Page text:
2021 Festival – Episode 3.
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In 2020, statues across the world were pulled down in an extraordinary wave of global iconoclasm. From the United States and the United Kingdom to Canada, South Africa, the Caribbean, India, Bangladesh, and New Zealand, Black Lives Matter protests defaced and hauled down statues of slaveholders, Confederates, and imperialists.
Edward Colston was hurled into the harbour in Bristol, England. Robert E. Lee was covered in graffiti in Richmond, Virginia. Christopher Columbus was toppled in Minnesota, beheaded in Massachusetts, and thrown into a lake in Virginia. King Leopold II of the Belgians was set on fire in Antwerp and doused in red paint in Ghent. Winston Churchill was daubed with the word ‘racist’ in London.
Statues are one of the most visible – and controversial – forms of historical storytelling. The stories we tell about history are vital to how we, as societies, understand our past and create our future. Fallen Idols looks at twelve statues in modern history. It looks at why they were put up; the stories they were supposed to tell; why those stories were challenged; and how they came down.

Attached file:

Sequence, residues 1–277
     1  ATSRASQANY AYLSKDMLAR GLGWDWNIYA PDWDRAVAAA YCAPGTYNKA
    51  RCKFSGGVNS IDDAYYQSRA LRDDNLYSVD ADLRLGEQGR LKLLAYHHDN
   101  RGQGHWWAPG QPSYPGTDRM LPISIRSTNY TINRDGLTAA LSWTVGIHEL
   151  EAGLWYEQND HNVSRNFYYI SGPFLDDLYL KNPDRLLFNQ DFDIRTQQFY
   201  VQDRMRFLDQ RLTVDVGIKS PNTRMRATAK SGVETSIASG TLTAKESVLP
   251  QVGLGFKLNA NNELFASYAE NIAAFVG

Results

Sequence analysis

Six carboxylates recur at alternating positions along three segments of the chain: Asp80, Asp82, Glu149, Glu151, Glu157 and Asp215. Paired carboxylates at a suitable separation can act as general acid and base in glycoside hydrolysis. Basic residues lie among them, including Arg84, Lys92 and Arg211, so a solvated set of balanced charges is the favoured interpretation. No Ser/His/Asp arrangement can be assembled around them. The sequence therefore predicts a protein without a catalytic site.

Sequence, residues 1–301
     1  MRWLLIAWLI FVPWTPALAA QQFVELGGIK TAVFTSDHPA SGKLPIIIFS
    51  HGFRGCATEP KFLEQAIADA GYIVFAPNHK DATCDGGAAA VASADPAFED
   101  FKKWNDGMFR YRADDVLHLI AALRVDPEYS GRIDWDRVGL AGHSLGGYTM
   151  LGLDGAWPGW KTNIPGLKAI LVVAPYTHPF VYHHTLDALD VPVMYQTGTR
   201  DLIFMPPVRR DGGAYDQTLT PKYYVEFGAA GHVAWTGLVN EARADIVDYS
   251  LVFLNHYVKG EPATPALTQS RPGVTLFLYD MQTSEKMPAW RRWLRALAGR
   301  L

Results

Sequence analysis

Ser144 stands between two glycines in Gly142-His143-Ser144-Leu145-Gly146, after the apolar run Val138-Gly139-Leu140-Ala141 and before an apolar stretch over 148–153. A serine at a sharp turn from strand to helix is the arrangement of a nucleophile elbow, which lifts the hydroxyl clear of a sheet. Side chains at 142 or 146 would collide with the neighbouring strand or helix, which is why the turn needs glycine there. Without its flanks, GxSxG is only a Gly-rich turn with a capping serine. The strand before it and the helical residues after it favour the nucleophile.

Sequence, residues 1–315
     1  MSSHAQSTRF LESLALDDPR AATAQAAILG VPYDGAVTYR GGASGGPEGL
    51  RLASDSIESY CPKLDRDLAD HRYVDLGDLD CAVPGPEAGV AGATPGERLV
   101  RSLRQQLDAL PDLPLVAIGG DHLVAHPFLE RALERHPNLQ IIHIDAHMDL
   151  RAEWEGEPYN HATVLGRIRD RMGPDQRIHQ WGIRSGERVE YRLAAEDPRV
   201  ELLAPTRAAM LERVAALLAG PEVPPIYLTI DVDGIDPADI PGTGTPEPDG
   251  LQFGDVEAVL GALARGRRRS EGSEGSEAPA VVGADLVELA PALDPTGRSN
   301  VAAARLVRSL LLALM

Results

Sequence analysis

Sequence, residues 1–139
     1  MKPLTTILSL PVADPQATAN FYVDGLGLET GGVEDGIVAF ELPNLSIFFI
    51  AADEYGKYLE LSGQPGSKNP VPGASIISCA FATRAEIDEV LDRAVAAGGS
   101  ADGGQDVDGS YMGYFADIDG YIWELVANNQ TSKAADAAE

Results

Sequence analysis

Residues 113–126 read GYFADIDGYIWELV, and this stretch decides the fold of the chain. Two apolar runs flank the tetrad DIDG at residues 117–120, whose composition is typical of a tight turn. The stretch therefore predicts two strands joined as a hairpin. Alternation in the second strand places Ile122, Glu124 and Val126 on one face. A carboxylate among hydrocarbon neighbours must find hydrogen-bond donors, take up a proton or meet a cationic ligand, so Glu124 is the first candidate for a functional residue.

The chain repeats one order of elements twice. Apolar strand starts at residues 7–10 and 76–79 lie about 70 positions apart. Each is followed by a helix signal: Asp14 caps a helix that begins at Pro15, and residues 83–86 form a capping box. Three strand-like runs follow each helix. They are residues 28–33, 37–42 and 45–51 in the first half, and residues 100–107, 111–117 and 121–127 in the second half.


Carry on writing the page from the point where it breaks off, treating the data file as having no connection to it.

Alex von Tunzelmann is a historian and screenwriter. She is the author of five books on Cold War politics and cultural history, most recently Fallen Idols: Twelve Statues That Made History.
Hugh Linehan is Culture Editor with the Irish Times.
The Dublin Festival of History is brought to you by Dublin City Council, and organised by Dublin City Libraries, in partnership with Dublin City Council Culture Company.